Wednesday, February 20, 2013
Bidanur Fort (Shivappa Naik’s Fort)- Nagara
Worth a stop when traveling through the Sagar-Hosnagar road you can just see it from the outside state highway and you certainly won't miss it. The very sight of the fort when you are driving your way makes a sure stop for you to visit the fort. It’s in size not much huge but still it had its own identity since Keladi-Kings time. The majestic fort of Bidanur that could survive the rampage of time and humans is one of the stupendous examples of Karnataka history.
What leaves you amazing about Bidanur Fort is that, unlike other forts in India, which are usually built on hills or with water bodies surrounding it on all sides, the Bidanur Fort is built on an elevated ground, merely few meters high. Still one can get an excellent view of several miles in all directions, especially the Western Ghats. There is no natural frontier like hilly terrain or water around the fort.
The fort built of stone masonry is almost ovoid on plan having a series of bastions at regular intervals. Above the masonry wall raises the thick parapet with a series of musket holes. Some parts of the fort that stand strong, speak volumes about the glory it enjoyed in 17th century. Inside the lofty outer walls of the fort, is hidden many treasures of the glorious past. The fort witnessed the ups and downs faced by the Keladi kings.
The entrance of the fort is marked by a slope pathway that leads you to the huge gateway with two round bastions on either side. The moment you enter inside you can see vast green pasture spread as far as your eyes can see. The courtyard inside shows signs of a former guard room. The fort is entered through a steep ramp leading to the main entrance from the north. The gateway is flanked by two bastions and has a sally port on the left side. Inside the third wall is a large open court facing which there is a terrace overlooking the fort. There are more slope path ways than staircase to climb the fort unlike you see in many other forts.
Basically you can see some ruined construction identified as the "Darbar Hall" of Shivappa Nayaka, a temple area in the centre, twin water ponds inside the fort and many more. There is a dry well, few tiny caves like structures which were probably meant for safe exit of royal family in case of invasion, and several watch posts. The fort walls had collapsed at several places and are being reconstructed using red brick.
As you explore, you can come across a broken cannon lying on the ground unlike some of the forts which only have steps, this fort has drivable path inside to most of the places, most probably to move the cannons mounted wheels and don’t forget to see four grinding stones that were used to grind food materials in those times. What makes these grinding stones, made of granite, eye-catching is its huge size. They are placed on the opposite side of each other and are supported by other granite boulders from the bottom.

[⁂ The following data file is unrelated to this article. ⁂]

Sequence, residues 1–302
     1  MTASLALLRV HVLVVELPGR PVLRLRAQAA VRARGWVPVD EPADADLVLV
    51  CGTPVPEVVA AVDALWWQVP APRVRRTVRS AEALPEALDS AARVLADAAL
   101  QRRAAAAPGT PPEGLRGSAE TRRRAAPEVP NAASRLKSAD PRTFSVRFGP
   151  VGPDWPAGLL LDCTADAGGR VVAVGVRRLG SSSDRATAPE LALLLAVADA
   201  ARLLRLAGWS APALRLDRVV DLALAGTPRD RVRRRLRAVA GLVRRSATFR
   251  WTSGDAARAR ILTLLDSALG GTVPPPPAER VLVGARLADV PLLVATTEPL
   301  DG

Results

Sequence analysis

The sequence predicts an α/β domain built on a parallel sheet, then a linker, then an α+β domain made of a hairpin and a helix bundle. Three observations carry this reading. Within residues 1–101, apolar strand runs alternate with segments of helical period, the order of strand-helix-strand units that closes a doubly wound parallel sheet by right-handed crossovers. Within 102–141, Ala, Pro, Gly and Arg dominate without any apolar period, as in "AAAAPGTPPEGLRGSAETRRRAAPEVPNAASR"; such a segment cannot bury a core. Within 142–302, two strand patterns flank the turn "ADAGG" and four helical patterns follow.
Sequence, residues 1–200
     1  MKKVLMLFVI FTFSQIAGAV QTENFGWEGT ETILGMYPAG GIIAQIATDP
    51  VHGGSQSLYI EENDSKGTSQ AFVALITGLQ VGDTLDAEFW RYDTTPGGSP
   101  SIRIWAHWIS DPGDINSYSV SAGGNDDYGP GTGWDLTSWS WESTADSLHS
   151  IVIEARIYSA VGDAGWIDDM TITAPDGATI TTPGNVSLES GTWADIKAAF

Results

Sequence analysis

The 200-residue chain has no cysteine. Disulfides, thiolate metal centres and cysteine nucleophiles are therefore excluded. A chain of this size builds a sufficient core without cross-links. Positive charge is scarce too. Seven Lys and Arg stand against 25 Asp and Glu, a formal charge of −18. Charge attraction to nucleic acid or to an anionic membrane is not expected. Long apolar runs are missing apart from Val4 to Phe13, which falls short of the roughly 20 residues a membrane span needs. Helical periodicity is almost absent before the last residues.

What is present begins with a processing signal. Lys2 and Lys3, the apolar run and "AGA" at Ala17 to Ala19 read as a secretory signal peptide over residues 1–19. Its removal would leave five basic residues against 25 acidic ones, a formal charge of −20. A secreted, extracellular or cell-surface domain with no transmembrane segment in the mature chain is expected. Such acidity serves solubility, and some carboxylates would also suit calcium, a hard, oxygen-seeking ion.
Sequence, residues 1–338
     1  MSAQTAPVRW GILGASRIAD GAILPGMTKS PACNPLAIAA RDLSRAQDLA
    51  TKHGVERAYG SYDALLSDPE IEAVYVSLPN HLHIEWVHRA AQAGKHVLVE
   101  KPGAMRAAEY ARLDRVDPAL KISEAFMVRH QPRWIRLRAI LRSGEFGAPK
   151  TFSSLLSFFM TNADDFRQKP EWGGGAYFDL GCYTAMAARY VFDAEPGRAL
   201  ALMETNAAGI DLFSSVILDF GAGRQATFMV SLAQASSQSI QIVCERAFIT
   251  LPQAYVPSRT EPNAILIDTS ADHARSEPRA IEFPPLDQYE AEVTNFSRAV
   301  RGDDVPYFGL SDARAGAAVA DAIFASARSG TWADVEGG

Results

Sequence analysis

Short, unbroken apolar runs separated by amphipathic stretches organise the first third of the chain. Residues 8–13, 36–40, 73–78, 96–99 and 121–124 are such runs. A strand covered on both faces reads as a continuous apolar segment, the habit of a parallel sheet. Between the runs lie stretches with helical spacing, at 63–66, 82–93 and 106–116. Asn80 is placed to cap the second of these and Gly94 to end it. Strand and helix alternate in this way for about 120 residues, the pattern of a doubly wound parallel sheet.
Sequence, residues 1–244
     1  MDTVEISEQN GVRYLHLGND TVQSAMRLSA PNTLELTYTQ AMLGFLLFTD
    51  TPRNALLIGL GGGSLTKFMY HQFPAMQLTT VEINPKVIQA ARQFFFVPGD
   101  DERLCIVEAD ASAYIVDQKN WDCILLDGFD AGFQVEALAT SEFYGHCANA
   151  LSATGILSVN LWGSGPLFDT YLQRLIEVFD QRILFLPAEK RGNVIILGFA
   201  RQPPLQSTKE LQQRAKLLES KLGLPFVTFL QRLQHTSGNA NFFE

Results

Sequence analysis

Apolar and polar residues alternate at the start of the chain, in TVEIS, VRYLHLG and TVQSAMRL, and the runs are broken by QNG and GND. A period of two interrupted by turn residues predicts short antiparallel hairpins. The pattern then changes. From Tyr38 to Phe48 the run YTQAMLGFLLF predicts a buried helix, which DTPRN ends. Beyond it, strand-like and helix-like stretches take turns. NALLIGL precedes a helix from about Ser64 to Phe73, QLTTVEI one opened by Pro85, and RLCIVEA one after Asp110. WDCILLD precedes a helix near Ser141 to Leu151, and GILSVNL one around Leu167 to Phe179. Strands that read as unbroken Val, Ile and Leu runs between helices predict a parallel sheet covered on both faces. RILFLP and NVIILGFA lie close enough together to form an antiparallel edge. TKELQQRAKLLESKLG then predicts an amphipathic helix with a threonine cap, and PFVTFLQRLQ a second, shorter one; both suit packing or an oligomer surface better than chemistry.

Devagange, a bathing place of the royalties of Bidanur Keladis, is an engineering marvel and must visit place. It is really amazing to note the engineering techniques of those times. The water flowing from the hills above was collected in seven ponds with different shapes. These ponds were used for bathing by the kings and queens of Bidanur. Most captivating of all are the two lakes shaped like a lotus and a star with fountains in the center.
A steep ramp provided at the extreme end of the open courtyard abutting the outer fort wall leads to the observatory tower. The depression further south of the octagonal well seems to be a storage tank to the south east of which is a huge mound probably enclosing a huge rubble structure. Beyond this mound and the observatory is another structure, now in ruins having a vast opening towards south considering its isolated and exclusive location, this seems to be the place where the queens and their attendants were accommodated. On the whole, the structural remains scattered inside the fort, though in ruins, represent the meticulous post medieval layout of fort.
BRIEF HISTORY: Nagar is situated about 16 km. from Hosanagara town. Before attaining historical importance, this place was called Bidarahalli (anciently known as Bidnur) named after a small village. It shot into prominence during the reign of Hiriya Venkatappa Nayaka (1592-1629 A.D.) of Ikkeri kingdom when he annexed this region during his campaign and regularized worship in the Sri Nilakanthesvara temple. However, it attained the status of a capital from the time of Virabhadra Nayaka (1629-1645 A.D.) who succeeded Hiriya Venkatappa Nayaka .Due to the sudden attack of Islamic forces under Ranadulla Khan of Bijapur Sultanate, lkkeri was razed to the ground in 1560A.D. inspite of Virabhadra Nayaka's efforts to contain the onslaught.
Since Ikkari was becoming a centre of political and economic crisis Virabhadm Nayaka abandoned it. He built a formidable fort with beautiful palaces at strategically important point in Bidnur and made it his Capital in 1639 A.D. Virabhadra Nayaka was succeeded by Sivappa Nayaka (1645-¬1665 A.D.) who ascended the throne at Bidnur (or Venupura). During Sivappa Nayaka's time this place was buzzing with vibrant political activity. He improved and enlarged it. His successor ruled from here till it was annexed in 1763 A.D. by Haider Ali who renamed Bidnur as Haider Nagar. Now it is called as Nagar only. Haideri gold pagodas were struck here in the mint established by Haider Ali. During the Mysore War it suffered badly due to burning. Tipu Sultan rebuilt the palace and its surroundings. However, it never regained its lost glory and slowly it was abandoned to its present condition.